The prevalence of absentee herd ownership in Africa's pastoral areas is increasing. Its presence has important implications both for local resource management systems and for research programs that address pastoral ecology and related topics. This paper examines patterns of absentee herd ownership in the Baringo District of northern Kenya. This region has been the source of much debate regarding herder ''mismanagement'' of range lands. Three categories of absentee herd owners are discussed in the paper: (1) ranchers, (2) livestock traders, and (3) townsmen. It is suggested that the blame for some of the apparent resource mismanagement in the region may lie more with actors in these categories than with the pastoralists themselves. Data collected during an 18-month period in 1980-1981 on pastoral ecology, grazing patterns, and tenure institutions are presented in support of the argument. The paper concludes with a comparative analysis of contemporary resource management strategies in pastoral Africa, emphasizing that: (1) the Baringo case is not an isolated anomaly, and (2) a new orientation toward pastoral studies is warranted.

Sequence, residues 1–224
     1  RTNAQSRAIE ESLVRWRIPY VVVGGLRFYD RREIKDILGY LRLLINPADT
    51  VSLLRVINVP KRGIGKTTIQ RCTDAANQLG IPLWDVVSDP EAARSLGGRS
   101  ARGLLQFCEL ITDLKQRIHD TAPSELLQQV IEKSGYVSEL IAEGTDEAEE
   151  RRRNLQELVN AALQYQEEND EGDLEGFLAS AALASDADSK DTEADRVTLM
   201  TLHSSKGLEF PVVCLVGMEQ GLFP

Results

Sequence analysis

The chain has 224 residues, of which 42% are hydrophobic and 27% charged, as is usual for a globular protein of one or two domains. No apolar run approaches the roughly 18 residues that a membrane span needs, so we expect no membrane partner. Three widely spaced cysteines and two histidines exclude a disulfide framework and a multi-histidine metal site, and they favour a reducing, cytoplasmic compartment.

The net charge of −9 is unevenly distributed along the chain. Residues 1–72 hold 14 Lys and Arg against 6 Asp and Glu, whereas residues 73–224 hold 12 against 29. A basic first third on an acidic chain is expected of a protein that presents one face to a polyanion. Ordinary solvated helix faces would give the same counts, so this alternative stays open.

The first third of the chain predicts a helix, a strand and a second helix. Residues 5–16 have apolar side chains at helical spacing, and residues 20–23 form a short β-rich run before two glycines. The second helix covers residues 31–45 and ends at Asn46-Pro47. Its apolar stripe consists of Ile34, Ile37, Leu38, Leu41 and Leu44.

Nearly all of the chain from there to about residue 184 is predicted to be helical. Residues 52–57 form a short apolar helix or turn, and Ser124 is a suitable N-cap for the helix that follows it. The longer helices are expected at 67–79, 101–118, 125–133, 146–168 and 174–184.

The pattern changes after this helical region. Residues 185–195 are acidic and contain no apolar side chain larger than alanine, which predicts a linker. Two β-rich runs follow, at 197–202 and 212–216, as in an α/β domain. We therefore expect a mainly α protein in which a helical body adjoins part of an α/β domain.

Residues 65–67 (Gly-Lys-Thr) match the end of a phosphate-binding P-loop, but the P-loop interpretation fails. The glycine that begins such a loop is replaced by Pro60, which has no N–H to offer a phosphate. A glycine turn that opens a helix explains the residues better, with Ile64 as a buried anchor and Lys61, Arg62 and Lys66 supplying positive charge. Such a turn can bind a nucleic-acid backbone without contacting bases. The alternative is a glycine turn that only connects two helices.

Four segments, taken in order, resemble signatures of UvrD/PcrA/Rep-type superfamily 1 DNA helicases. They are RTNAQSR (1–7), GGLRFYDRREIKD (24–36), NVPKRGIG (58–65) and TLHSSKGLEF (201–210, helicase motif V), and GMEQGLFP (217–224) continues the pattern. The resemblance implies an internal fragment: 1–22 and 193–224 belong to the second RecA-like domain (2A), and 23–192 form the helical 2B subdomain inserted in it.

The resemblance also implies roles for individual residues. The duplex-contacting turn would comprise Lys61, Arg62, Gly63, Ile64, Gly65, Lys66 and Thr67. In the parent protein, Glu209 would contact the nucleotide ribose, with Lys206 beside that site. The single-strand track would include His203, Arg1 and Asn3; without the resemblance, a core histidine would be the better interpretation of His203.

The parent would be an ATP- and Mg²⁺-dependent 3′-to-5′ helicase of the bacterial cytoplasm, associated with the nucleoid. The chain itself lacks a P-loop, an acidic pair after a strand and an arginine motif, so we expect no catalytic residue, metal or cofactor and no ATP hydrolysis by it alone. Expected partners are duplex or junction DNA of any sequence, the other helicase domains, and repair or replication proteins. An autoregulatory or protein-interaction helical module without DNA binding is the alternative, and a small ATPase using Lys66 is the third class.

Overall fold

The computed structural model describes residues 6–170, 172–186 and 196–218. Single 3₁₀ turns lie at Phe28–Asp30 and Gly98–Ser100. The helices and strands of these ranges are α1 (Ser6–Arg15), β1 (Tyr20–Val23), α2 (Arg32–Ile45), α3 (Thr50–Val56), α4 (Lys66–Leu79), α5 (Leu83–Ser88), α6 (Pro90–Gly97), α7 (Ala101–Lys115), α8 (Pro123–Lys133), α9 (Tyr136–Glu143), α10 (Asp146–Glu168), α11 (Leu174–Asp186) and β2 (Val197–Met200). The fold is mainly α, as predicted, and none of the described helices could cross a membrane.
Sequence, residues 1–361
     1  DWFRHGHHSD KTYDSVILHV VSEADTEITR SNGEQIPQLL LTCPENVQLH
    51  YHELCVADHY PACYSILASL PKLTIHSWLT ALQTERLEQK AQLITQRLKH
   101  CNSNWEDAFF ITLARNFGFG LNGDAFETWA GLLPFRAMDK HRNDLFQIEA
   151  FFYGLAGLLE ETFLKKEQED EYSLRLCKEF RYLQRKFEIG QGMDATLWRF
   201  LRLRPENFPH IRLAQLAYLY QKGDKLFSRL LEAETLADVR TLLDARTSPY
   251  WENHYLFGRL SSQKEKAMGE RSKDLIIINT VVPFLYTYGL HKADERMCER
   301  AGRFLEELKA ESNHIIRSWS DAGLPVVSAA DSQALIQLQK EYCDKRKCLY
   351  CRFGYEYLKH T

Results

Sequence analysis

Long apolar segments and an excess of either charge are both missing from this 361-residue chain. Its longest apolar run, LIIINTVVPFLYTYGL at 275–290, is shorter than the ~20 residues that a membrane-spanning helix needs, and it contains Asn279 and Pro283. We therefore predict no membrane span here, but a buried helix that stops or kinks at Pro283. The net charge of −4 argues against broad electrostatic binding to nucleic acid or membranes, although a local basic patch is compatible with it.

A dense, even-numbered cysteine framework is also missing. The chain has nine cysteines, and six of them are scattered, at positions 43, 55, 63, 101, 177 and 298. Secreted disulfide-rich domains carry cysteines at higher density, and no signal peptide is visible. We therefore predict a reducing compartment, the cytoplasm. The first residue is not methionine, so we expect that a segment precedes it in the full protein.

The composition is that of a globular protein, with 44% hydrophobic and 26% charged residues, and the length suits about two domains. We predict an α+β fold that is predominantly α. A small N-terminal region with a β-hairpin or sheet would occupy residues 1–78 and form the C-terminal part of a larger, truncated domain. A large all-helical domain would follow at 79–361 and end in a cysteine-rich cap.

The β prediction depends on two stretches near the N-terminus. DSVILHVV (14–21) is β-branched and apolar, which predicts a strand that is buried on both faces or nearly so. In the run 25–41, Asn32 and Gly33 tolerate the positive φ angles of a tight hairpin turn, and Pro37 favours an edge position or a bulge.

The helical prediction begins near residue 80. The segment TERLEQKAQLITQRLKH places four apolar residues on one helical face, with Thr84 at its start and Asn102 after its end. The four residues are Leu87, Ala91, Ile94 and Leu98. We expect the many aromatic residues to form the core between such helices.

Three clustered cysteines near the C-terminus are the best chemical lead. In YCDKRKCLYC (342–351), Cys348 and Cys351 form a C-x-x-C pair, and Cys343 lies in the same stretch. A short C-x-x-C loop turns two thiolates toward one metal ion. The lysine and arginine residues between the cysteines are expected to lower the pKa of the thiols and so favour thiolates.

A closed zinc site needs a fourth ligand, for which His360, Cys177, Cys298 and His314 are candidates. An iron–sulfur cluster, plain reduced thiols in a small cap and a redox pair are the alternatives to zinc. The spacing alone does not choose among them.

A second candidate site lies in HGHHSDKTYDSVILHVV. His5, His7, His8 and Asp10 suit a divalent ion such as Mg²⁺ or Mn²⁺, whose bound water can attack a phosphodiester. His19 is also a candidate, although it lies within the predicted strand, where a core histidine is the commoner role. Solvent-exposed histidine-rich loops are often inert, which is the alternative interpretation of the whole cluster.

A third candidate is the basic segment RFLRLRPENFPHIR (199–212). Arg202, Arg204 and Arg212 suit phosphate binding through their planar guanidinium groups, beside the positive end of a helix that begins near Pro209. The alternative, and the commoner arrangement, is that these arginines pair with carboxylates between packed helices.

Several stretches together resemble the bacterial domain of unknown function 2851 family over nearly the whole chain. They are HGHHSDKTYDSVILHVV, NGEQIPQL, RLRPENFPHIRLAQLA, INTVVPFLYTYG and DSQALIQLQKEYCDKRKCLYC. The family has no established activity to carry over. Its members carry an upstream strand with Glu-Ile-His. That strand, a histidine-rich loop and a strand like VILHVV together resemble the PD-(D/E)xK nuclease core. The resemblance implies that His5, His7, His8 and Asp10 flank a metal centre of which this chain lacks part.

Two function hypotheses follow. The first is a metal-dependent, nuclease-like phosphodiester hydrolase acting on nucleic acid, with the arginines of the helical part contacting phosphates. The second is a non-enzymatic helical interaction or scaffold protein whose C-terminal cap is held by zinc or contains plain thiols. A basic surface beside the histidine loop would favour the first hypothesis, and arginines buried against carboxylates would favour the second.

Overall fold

Little, P.D.

1985-06-01T23:59:59.000Z

169

Sediment infill within rift basins: Facies distribution and effects of deformation: Examples from the Kenya and Tanganyika Rifts, East Africa  

SciTech Connect (OSTI)

Oil is known from lacustrine basins of the east African rift. The geology of such basins is complex and different depending on location in the eastern and western branches. The western branch has little volcanism, leading to long-lived basins, such as Lake Tanganyika, whereas a large quantity of volcanics results in the eastern branch characterized by ephemeral basins, as the Baringo-Bogoria basin in Kenya. The Baringo-Bogoria basin is a north-south half graben formed in the middle Pleistocene and presently occupied by the hypersaline Lake Bogoria and the freshwater Lake Baringo. Lake Bogoria is fed by hot springs and ephemeral streams controlled by grid faults bounding the basin to the west. The sedimentary fill is formed by cycles of organic oozes having a good petroleum potential and evaporites. On the other hand, and as a consequence of the grid faults, Lake Baringo is fed by permanent streams bringing into the basin large quantities of terrigenous sediments. Lake Tanganyika is a meromictic lake 1470 m deep and 700 km long, of middle Miocene age. It is subdivided into seven asymmetric half grabens separated by transverse ridges. The sedimentary fill is thick and formed by organic oozes having a very good petroleum potential. In contrast to Bogoria, the lateral distribution of organic matter is characterized by considerable heterogeneity due to the existence of structural blocks or to redepositional processes.